Panel Four: Mental Health and Institutions of Help and Harm The opening panel for the second day explored the theme of ‘Mental Health and Institutions of Help and Harm’. Dr Louise Hide's (Birkbeck, University of London) project, ‘Hiding in Plain Sight: Cultures of Harm in Residential Institutions for Long-term Adult Care, Britain 1945-1980s’ is also Wellcome-funded. Hide’s reflective paper considered how asylum patients of the 1960s and 1970s were unethically shown in television documentaries when the medium became popular. In her words, historical research on these sources then ‘objectifying[ly]’ turns the ‘medical gaze to the historian’s gaze without their [the patients] consent’. She explained how this can also be done through the internet and through social media in a world of endless channels of dissemination. Hide then suggested ways to become more responsible researchers and think carefully about how people could unethically use and circulate our own research outputs and ways to avoid it. Panel Five: Confinement, Motherhood and Mental Health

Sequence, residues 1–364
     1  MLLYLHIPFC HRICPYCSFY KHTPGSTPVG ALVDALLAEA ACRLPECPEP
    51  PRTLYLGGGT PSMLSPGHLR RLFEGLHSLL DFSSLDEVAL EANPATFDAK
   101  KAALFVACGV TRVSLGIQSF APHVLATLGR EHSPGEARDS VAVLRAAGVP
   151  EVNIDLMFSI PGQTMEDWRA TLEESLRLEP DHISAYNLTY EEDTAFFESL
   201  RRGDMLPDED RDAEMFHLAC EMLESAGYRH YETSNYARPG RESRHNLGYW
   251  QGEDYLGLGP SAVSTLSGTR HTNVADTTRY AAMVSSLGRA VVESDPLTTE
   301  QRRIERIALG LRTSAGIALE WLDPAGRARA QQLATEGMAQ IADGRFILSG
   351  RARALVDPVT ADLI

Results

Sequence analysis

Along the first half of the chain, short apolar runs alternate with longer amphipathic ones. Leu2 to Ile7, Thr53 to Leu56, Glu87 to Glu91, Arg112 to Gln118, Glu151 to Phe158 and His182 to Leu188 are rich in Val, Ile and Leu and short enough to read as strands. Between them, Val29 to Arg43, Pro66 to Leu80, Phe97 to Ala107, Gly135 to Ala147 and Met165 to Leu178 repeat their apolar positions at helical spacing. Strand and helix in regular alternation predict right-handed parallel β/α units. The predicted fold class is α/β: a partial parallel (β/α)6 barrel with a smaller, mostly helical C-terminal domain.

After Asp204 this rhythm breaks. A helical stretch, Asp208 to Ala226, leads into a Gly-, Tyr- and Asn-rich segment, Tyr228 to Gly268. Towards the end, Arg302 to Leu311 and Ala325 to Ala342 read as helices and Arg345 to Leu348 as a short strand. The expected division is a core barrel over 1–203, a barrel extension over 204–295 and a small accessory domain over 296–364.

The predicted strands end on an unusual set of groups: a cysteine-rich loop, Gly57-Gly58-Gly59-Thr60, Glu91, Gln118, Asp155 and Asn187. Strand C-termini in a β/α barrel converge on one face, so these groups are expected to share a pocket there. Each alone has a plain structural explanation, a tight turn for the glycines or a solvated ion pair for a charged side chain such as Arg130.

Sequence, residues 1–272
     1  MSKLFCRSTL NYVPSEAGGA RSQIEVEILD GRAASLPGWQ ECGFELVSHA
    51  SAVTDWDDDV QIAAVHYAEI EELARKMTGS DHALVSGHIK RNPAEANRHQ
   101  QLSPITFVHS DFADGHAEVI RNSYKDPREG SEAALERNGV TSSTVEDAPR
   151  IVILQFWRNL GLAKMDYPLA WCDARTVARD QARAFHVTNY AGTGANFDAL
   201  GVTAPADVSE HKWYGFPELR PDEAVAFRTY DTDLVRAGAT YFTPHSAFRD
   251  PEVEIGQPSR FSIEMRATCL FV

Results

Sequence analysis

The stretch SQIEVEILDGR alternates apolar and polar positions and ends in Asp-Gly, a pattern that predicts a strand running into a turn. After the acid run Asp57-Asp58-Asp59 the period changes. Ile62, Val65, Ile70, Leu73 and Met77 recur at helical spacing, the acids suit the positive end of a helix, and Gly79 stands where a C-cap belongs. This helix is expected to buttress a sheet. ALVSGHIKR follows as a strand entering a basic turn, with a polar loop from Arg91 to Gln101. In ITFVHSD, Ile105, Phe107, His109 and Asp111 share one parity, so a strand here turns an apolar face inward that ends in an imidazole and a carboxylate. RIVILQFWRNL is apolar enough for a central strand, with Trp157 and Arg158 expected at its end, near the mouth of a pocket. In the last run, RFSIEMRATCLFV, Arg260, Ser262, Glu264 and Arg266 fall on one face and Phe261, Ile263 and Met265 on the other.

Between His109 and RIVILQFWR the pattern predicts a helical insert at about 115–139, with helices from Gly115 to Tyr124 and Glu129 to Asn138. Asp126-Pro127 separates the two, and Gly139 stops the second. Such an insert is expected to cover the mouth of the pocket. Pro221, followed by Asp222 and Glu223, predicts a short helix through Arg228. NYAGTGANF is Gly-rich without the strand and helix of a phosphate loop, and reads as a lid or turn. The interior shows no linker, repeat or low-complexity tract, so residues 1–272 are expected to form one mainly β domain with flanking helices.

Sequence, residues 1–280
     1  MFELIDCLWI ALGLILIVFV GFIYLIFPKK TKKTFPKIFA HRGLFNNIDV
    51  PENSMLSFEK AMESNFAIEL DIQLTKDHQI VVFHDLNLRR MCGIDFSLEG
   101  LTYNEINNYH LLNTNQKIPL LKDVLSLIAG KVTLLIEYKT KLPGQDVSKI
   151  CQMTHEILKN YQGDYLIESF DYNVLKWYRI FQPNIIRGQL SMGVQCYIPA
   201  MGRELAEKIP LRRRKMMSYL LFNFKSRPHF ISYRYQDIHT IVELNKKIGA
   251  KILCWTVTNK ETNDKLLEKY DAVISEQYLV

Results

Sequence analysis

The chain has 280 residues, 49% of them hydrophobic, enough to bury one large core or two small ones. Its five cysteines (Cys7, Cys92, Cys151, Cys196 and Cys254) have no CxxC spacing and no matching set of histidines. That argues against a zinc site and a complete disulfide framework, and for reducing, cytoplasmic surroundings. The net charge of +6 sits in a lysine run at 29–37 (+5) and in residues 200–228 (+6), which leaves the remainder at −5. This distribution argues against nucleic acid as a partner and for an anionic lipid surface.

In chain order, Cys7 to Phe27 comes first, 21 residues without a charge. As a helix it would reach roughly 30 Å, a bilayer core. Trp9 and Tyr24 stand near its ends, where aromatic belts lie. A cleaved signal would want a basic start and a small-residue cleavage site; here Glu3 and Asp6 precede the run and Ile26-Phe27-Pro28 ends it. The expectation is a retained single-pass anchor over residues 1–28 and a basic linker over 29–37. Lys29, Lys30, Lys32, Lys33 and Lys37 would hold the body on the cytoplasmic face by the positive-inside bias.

Our fifth panel, ‘Confinement, Motherhood and Mental Health’, started with our project PI Professor Hilary Marland’s (University of Warwick) paper on ‘Motherhood, Guilt and Mental Illness in Post-war Britain’. Marland focused on the setting up of Mother and Baby Units (MBUs) after the 1950s and the involvement of the National Childbirth Trust (NCT) in promoting the extension of support and treatment to mothers experiencing postnatal mental illness, highlighting the tensions between the care of the mother and concerns about how the mother’s mental illness might hinder bonding and the infant’s development. Marland's paper also showed how the narratives of NCT mothers reflected upon similar tensions. For her paper on ‘Confined Motherhood in Pandemic-Era Postpartum Psychosis Narratives’, Georgia Poplett (University of Durham) then gave an energised paper on a gothic horror novel The Upstairs House (2021) and film The Babadook (2014). The film is based on a single mother who battles with her son's fear of a monster in the house, but soon discovers the sinister presence around herself. As an interdisciplinary researcher (Creative Writing and Medical Humanities), Poplett addressed the ethics and considerations of using testimonies to write fictional representations of postpartum psychosis. I particularly liked the metaphor of the Babadook confined to the basement, symbolising people’s dormant but ever-present mental health issues.